How Canadians Communicate II: Media, Globalization, and Identity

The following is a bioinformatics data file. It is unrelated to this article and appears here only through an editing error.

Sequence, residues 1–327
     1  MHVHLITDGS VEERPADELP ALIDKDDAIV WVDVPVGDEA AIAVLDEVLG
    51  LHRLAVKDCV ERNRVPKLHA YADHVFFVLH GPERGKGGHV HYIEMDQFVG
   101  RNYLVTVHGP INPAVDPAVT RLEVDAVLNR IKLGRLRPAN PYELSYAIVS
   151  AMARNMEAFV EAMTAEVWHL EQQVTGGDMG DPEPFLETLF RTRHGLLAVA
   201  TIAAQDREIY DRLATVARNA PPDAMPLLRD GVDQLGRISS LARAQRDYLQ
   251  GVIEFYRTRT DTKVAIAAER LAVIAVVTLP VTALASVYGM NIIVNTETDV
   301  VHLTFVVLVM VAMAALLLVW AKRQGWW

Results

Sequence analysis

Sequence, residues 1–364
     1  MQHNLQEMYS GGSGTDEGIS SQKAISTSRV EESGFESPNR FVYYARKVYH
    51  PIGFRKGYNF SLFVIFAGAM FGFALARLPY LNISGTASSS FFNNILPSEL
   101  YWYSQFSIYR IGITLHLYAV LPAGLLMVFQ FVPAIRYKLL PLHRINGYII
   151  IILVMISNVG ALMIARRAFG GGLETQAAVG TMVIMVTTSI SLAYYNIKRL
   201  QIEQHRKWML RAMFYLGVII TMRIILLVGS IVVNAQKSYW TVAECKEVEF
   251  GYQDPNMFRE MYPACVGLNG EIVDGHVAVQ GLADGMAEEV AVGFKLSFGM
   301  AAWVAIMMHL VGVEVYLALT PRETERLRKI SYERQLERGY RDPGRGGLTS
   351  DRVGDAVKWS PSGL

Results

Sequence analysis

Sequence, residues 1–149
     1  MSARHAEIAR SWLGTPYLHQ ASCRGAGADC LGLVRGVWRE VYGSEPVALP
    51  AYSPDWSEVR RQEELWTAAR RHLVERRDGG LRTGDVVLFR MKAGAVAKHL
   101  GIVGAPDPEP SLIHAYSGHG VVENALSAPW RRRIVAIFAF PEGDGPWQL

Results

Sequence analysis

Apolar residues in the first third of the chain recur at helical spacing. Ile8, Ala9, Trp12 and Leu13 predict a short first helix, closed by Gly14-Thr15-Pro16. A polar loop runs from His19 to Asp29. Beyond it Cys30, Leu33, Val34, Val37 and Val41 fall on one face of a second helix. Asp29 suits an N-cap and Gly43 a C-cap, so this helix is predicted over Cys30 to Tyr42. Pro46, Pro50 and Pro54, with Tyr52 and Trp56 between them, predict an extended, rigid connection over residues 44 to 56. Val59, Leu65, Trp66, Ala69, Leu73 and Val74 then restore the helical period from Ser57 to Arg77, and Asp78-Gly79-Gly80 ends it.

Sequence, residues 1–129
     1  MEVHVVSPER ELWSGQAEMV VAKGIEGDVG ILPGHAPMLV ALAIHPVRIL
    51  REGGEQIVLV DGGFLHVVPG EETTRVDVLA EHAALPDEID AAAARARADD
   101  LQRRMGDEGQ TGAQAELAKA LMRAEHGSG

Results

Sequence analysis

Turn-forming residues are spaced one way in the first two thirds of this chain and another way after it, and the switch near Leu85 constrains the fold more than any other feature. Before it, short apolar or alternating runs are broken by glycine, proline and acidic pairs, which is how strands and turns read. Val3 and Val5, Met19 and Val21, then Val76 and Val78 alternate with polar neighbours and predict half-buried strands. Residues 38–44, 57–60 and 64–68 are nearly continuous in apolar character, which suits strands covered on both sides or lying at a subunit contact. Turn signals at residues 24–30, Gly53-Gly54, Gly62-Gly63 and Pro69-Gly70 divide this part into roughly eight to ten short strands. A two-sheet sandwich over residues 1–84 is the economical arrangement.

In the first volume of "How Canadians Communicate" the editors examined and assessed the health of Canada's cultural industries circa 2003. In this second volume, they not only undertake a new examination of Canada's current media health, but also turn their attention to analysing the impact of the startling pace of global media proliferation on our country's media institutions. The revolutionary changes underway in mass media technology, from blogs to peer-to-peer networks and the ubiquitous cell-phone, have all imposed structural modifications to global communication systems, inexorably altering the fundamental ways in which Canadians communicate. The editors have carefully chosen essays that address the central issues of today's global media environment from a uniquely Canadian perspective. Grouped under the headings 'The Debate over Policy', 'The Quest for Identity', and 'The Struggle for Control', the topics ranging from media concentration to foreign ownership and the challenge of mass communication in an increasingly multicultural community, underscoring the way in which our media has operated in the past and how it must now adapt to a new media landscape. There is little doubt that Canadian media and cultural institutions have been buffeted by the sheer magnitude of new communication technologies. But with change comes opportunity, and the ability to re-evaluate current paradigms and look for better and more effective ways of adapting to new circumstances. "How Canadians Communicate II" will illuminate the present media climate, and in doing so, suggest new and challenging paths forward that will utilise the vast array of media technology to strengthen a uniquely Canadian cultural identity.
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